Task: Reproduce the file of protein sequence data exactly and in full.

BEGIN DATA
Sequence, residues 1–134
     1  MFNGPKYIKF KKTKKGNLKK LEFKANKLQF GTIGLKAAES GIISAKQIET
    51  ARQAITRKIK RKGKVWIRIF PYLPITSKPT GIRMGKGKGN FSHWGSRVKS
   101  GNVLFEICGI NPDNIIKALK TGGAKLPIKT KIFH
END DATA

Sequence, residues 1–134
     1  MFNGPKYIKF KKTKKGNLKK LEFKANKLQF GTIGLKAAES GIISAKQIET
    51  ARQAITRKIK RKGKVWIRIF PYLPITSKPT GIRMGKGKGN FSHWGSRVKS
   101  GNVLFEICGI NPDNIIKALK TGGAKLPIKT KIFH